Last modified on 11 January 2011, at 22:51

Ancient Greek/Basic Nouns/Second Declension

The second declension, in contrast to the first, consists primarily of masculine and neuter nouns. It is occasionally referred to as the ο-declension, because of the recurrence of the vowel omicron. It is the simplest of the three declensions of Ancient Greek, featuring a bit more than a single set of endings, and regular persistent accentuation throughout.

Masculine and feminine nounsEdit

These can be recognized by their -ος ending, which was transliterated as -us' in Latin and found its way into English (e.g., "Dionysus"). The vast majority of these are masculine.

ἄνθρωπος, ἀνθρώπου, m, "man; human being"

  Singular Plural
Nominative ἄνθρωπος ἄνθρωποι
Genitive ἀνθρώπου ἀνθρώπων
Dative ἀνθρώπῳ ἀνθρώποις
Accusative ἄνθρωπον ἀνθρώπους
Vocative ἄνθρωπε ἄνθρωποι

The nominative and vocative plurals are always identical. Note that the lengthening of the ending causes the accent to shift (as the accent cannot stand on the antepenult if the ultima is long) in several of the cases. Also recall that final -οι is usually short.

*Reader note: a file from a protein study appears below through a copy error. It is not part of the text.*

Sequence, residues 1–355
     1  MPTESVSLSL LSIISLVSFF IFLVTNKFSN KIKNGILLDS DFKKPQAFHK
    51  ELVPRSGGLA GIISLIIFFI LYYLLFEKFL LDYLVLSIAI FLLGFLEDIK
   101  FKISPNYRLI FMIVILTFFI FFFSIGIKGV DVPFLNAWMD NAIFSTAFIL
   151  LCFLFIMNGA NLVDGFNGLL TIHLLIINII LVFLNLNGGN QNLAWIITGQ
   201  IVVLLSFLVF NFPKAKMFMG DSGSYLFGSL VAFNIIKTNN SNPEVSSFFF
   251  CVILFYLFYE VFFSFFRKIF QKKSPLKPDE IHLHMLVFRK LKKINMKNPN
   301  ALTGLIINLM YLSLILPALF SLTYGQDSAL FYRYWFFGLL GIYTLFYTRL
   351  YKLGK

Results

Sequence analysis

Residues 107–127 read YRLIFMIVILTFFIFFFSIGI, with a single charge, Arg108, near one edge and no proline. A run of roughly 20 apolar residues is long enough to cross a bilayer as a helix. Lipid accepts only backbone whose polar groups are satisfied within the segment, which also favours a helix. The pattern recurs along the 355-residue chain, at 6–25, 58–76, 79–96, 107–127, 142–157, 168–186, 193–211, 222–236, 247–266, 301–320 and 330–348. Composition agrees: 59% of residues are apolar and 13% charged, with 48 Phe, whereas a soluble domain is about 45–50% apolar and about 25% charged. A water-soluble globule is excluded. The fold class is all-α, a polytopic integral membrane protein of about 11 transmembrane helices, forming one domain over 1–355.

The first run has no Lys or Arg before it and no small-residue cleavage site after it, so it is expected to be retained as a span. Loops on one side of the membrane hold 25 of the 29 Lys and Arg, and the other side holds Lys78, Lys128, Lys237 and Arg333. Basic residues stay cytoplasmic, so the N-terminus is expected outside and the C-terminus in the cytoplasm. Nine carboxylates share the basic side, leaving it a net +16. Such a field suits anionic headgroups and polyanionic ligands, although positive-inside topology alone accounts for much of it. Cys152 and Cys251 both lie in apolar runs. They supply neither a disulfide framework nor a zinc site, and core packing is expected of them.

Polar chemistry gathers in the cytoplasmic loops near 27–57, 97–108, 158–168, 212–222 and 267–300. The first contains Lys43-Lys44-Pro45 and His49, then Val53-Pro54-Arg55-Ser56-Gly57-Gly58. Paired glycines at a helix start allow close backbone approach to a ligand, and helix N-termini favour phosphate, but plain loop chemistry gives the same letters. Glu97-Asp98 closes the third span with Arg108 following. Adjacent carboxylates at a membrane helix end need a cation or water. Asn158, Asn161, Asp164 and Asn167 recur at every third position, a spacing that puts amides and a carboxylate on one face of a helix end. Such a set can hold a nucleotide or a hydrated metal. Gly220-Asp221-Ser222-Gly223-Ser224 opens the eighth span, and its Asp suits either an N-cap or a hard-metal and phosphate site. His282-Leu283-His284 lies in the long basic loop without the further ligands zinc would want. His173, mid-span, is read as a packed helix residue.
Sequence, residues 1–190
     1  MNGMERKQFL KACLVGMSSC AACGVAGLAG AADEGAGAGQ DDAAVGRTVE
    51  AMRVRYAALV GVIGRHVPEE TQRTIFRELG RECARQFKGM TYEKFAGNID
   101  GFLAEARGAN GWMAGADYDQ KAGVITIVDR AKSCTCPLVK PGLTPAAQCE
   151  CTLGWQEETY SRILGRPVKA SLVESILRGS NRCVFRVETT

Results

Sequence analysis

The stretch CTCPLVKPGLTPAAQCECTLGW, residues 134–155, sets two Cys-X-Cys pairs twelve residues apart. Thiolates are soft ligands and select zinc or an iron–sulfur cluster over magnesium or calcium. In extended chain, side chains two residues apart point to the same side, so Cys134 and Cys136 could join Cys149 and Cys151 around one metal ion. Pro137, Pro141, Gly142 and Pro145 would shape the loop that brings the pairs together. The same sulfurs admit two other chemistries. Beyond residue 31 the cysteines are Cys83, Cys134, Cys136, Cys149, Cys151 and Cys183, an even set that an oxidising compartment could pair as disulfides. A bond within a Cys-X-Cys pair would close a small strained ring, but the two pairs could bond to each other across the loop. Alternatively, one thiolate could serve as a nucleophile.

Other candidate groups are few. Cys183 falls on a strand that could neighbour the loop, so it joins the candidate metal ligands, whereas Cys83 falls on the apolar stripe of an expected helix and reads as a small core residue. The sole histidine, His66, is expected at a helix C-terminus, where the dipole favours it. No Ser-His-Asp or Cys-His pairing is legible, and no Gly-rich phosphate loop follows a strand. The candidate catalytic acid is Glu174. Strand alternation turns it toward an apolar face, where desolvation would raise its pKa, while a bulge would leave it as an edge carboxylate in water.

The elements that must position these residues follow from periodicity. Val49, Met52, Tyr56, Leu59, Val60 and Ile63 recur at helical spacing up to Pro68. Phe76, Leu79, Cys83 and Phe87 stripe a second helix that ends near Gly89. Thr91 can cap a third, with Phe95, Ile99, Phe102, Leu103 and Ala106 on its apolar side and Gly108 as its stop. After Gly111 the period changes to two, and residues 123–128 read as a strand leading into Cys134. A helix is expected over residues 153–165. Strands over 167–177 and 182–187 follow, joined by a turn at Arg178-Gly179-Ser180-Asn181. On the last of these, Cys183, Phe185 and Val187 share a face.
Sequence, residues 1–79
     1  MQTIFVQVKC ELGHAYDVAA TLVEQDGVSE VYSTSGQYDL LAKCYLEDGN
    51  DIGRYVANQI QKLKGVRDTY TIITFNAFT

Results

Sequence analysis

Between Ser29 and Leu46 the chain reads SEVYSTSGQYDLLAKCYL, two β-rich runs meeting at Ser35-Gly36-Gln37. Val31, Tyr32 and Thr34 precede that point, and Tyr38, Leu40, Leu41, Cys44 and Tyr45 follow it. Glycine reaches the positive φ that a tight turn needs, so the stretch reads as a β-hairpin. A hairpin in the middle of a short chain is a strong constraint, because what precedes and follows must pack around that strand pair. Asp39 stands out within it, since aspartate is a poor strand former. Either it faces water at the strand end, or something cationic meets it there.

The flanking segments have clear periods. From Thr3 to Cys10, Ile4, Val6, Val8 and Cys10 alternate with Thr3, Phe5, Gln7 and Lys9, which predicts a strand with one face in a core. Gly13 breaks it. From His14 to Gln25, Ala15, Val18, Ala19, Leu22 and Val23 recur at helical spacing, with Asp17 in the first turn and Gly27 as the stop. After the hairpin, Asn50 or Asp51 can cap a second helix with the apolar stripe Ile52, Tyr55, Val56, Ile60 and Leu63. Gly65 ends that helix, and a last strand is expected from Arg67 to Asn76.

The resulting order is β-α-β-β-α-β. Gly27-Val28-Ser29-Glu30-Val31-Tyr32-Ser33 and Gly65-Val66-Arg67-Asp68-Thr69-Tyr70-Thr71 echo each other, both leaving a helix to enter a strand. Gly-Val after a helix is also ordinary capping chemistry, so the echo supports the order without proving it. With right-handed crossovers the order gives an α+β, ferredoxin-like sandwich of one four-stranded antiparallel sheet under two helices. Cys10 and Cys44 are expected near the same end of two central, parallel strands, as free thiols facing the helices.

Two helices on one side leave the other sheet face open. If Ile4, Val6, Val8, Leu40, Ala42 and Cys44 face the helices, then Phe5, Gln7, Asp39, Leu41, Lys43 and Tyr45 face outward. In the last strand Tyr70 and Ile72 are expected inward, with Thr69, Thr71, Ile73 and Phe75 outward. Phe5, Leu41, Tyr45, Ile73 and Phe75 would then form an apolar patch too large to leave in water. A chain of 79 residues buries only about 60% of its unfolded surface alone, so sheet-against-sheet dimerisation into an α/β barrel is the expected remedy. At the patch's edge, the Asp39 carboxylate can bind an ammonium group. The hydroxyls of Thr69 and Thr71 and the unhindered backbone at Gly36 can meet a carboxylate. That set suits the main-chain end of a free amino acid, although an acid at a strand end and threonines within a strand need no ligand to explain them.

νῆσος, νήσου, f, "island"

  Singular Plural
Nominative νῆσος νῆσοι
Genitive νήσου νήσων
Dative νήσῳ νήσοις
Accusative νῆσον νήσους
Vocative νῆσε νῆσοι

Again, note the persistent accent, which changes to an acute before long endings, as expected.

Neuter nounsEdit

These end in -ον and have the nominative, accusative, and vocative identical in both the singular and the plural, which is a feature of all neuter nouns in Ancient Greek:

πτερόν, πτεροῦ, n, "wing"

  Singular Plural
Nominative πτερόν πτερά
Genitive πτεροῦ πτερῶν
Dative πτερῷ πτεροῖς
Accusative πτερόν πτερά
Vocative πτερόν πτερά

Note that, except in the nominative, accusative, and vocative, the endings are identical to those of masculine and feminine nouns of the second declension. Also note that, just as in the first declension, whenever a noun of the second declension is accented on the ultima, the accent changes to a circumflex in the genitive and dative singular and plural.